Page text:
We did get a nice long look at a big Yellow Bittern.

Next, we headed to a freshwater pond. We saw a bunch of Pintailed Snipes, a pair of Purple Swamphens, Black-naped Orioles, Koels, Moorhens and others.

Thai Muang Birding

Thai Muang was our next stop. Right off the bat we saw Red-wattled Lapwings, more White-throated Kingfishers, Greater Coucals, a Lesser Coulcal, Oriental Pratincoles and a River Lapwing. A huge Brahminy Kite swooped down and grabbed a fish off of the water. A few Purple Swamphens were spotted. A Common Kingfisher let us watch him for a while.

We watched a White-throated Kingfisher go into a hole in a dirt mound. That was probably the nesting site. That was nice to see.

Phang Nga Province Mangrove Walkway and Park

We hopped back on the road and headed to the mangrove walkway in Phang Nga Province. The water was high and we didn’t see much… no Mangrove Pitta.

We slipped across the road to a small park and saw some Blue Whistling Thrushes. Mark had good time watching the local Longtail Macaques scramble around on the limestone rock cliffs. Dusky Crag Martins put on an aerial show as a Coppersmith Barbet ‘hooped’ in the background.

Ton Pariwat Wildlife Sanctuary

On day two, we headed up to the top of Ton Pariwat Wildlife Sanctuary. Initially, things started off a bit slow. The usual trees that hold so many birds were empty except for a few Chestnut-headed Bee-eaters and some Large Wood-shrikes.

Walking down the hill a bit, we started seeing lot of birds. A bit further down, Mark spotted a Brown Barbet and the resident Chestnut-breasted Malkoha. Our necks sore from looking up in the trees, we sat on the guard rail. Mark spotted a hole in a big dead tree. Suddenly, a huge green bird flew into it! Holy Cow! What was that? With scope and binoculars focused on the hole we waited. “There’s a face,” One of us said. “What is it?” It turned out to be a Yellow-whiskered Barbet. We spent the next 20 to 30 minutes of the morning trying to get a good photo. It was rather far away, but we sure enjoyed sitting there and the ever-busy parent flew back and forth from the tree and wherever the bugs were.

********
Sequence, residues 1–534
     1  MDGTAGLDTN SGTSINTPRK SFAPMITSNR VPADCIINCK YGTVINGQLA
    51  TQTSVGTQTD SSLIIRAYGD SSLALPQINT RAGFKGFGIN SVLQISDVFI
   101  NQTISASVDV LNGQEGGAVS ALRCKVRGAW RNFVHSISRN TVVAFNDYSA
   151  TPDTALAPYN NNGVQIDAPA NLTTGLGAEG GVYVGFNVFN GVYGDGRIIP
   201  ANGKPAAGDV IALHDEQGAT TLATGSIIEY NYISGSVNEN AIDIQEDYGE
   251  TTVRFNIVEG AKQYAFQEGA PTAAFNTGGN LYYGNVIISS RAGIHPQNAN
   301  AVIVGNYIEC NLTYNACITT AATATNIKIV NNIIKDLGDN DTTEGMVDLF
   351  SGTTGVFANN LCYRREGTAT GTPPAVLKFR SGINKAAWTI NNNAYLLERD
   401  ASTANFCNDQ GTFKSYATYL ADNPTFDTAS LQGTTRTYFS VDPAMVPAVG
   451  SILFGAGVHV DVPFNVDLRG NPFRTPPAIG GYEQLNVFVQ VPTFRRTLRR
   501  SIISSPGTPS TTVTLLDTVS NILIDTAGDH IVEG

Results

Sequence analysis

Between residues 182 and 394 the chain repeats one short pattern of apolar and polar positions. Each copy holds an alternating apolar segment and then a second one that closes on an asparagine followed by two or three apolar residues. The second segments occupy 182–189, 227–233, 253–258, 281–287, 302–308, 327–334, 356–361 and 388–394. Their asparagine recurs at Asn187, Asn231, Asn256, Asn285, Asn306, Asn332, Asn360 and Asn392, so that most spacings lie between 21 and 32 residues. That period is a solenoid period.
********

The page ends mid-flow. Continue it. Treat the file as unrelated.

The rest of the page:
Wat BangriangOur next destination was lunch… followed by another crack at the Mangrove Pitta. This time, we saw one! We also heard a Ruddy Kingfisher, but didn’t get a look. A family of Ashy Tailorbirds entertained us for a bit.

Wat Bangriang

Our next birding destination was Wat Bangriang, a delightful mountain-top temple. We were in search of the Giant Black Squirrel. We saw it. This squirrel is over a meter long! We also saw a Common Iora and a few Thick-billed Pigeons.

The Cave Temple

cave templeOur final destination was a cave temple in Phang Nga Province. We were hoping to see an owl that we’ve seen there before. It wasn’t around. What was there was an Oriental Hobby. It flew to a tree at about eye-level and posed for us. Then, it flew over to a cliff face and posed some more. I’ve seen plenty of Oriental Hobbies in my days, but this was the best sighting ever.